The Igor Belousov (Project 21300) maritime search-and-rescue support vessel is designed by JSC CMDB Almaz and built by JSC Admiralteiskie Verfi (Admiralty Shipyards) in St Petersburg, Russia. It is planned to be inducted into the Russian Navy’s Pacific Ocean Fleet search-and-rescue force in November 2015.
The vessel is intended for the search and rescue of crews in distressed surface vessels and submarines. It can also be used for providing emergency response and ship salvage.
The Ministry of Defence of the Russian Federation plans to procure a series of five Igor Belousov rescue ships to enhance the Russian Navy’s search-and-rescue capabilities.
The keel for the first Igor Belousov search-and-rescue vessel was laid in December 2005 and the vessel was launched in October 2012. The Russian Navy crew performed testing of life support systems, propulsion systems and radio navigation equipment installed in the vessel during the first phase of factory sea trials in the Baltic Sea between December 2014 and January 2015.
The second and third phases of sea trials were conducted in the Baltic Sea between January and March 2015. A Ka-27PS maritime naval helicopter performed 32 landings on the Igor Belousov salvage ship as part of sea trials conducted in April 2015.
The vessel entered the fourth and final stage of factory sea trails in landfills Baltic Sea and Atlantic waters in August 2015. The final testing phase included inter-agency and interdepartmental testing of the design equipment.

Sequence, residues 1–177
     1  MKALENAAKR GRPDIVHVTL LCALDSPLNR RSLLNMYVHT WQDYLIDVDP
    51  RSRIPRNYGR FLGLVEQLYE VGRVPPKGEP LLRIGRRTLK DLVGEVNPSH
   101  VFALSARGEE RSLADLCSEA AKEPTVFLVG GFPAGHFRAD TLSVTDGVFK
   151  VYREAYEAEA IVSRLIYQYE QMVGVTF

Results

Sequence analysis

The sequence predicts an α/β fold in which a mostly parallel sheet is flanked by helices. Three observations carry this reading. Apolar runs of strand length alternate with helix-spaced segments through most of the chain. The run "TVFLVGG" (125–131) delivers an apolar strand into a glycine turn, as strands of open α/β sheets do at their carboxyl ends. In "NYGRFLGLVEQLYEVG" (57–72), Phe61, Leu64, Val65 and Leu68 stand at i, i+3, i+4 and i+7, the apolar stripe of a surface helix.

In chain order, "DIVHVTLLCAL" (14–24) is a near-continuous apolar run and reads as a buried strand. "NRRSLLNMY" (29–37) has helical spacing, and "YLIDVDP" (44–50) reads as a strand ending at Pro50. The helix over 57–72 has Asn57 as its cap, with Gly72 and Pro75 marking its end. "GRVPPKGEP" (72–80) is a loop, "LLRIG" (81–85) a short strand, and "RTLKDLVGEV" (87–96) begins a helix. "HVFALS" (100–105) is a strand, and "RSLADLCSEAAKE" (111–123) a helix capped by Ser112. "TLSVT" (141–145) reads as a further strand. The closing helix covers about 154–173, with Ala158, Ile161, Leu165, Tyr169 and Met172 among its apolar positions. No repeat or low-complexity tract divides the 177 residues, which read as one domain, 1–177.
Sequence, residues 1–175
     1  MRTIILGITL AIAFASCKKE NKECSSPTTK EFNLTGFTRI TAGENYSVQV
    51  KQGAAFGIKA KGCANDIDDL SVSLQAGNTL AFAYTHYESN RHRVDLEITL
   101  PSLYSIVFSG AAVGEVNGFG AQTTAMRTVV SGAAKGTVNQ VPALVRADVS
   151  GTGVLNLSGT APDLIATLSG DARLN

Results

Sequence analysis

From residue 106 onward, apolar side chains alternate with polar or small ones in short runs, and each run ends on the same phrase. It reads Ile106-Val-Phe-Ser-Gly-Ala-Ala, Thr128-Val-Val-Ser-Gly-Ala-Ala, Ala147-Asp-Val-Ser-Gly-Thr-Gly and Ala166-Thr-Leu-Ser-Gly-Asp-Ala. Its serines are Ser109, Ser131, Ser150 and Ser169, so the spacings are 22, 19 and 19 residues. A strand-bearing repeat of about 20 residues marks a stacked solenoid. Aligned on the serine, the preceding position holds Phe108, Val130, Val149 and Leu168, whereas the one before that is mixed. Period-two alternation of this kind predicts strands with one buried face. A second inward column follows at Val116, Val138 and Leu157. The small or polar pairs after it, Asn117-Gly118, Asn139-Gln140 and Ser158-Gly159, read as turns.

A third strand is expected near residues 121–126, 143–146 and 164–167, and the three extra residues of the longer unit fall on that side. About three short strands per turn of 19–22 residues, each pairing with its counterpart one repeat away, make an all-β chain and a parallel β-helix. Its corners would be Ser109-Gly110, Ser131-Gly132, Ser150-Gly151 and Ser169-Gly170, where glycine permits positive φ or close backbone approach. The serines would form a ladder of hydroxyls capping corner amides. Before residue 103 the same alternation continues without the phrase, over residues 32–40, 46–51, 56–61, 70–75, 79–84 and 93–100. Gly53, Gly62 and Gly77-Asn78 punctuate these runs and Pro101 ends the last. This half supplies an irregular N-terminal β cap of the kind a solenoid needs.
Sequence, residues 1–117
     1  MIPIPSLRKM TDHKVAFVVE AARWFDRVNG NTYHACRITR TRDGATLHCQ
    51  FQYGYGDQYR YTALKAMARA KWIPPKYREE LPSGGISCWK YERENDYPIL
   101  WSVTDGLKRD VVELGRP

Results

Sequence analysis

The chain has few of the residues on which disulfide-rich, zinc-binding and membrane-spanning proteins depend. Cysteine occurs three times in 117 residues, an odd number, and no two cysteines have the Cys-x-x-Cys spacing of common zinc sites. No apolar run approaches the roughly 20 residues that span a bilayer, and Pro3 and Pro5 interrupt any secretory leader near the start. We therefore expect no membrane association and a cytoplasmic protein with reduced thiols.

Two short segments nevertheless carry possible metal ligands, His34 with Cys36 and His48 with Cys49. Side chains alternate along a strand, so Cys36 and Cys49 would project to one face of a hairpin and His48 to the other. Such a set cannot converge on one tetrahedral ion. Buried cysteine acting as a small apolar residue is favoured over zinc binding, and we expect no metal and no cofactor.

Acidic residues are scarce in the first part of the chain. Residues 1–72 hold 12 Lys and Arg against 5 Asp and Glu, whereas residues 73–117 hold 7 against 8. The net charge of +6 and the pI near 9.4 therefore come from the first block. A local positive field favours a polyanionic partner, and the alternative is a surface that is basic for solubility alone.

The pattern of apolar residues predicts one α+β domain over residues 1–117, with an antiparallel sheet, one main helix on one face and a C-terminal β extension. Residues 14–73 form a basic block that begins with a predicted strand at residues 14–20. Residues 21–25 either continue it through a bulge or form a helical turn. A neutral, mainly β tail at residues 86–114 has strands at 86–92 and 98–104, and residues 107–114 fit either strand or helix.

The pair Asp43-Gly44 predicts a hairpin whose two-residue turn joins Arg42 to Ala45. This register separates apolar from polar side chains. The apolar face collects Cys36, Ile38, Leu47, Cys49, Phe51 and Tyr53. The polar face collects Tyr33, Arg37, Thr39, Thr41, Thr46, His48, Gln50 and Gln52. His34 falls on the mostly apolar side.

The Igor Belousov vessel has a waterline length of 97.8m, width of 17.2m and depth amidships of 10.6m. It has a crew of 96 members and is fitted with spare beds to accommodate 120 rescued personnel.
The vessel, with a displacement of 5,037t, is integrated with sensors and medical and lifesaving equipment. It can carry a Bester-1 deep submergence rescue vehicle, designed by the Lazurit Central Design Bureau, for improved rescue capability. The Bester-1 vehicle is operated by six people and can house up to 22 rescued personnel.
The deck is equipped with a helipad to support air rescue operations by a single helicopter.
The maritime search-and-rescue vessel is equipped with underwater communication systems, navigation complex, search equipment and hydrological measuring equipment.
The navigation suite comprises automatic navigation system, sonar, hydro-acoustic navigation system, navigational radar and hydro-meteorological support systems.
The first Ocean Eagle 43 trimaran ocean patrol vessel ordered by the Mozambican Government was launched in January 2015.
A 450m deep saturation diving system, designed and manufactured by Divex, is installed to support the deployment of 12 divers in saturation. It features a central transfer-under-pressure chamber, four accommodation chambers for 60 personnel, a three-man diving bell and a control system.
The on-board lifesaving equipment includes a 700m deep-diving vehicle and two ARS-600 double-hulled, deep-diving submersibles. Operated by two crew members, the ARS-600 submersible is used for search and lifting of underwater objects from the seabed and rescue of crews in distressed submarines.
The search-and-rescue vessel’s propulsion system consists of two 2,400kW Schorch KL6538B-AS06 electric motors, four 1,680kW VA-1680 diesel generators and two 1,080kW VA-1080 diesel generators.
Electric propulsion systems of the vessel include two 2,400kW propulsion motors, Aquamaster US 305FP two-circle rudder propellers, two 680kW bow thrusters, two CGW 1.0/5-M automated boilers and an auxiliary power unit.
The ship can cruise at a maximum speed of 15k, has a cruising range of 3,500 miles and can endure for up to 30 days.
This project forms part of our recent analysis and forecasts of the global naval submarines market available from our business information platform Strategic Defence Intelligence. For more information click here or contact us: EMEA: +44 20 7936 6783; Americas: +1 415 439 4914; Asia Pacific: +61 2 9947 9709 or via email.
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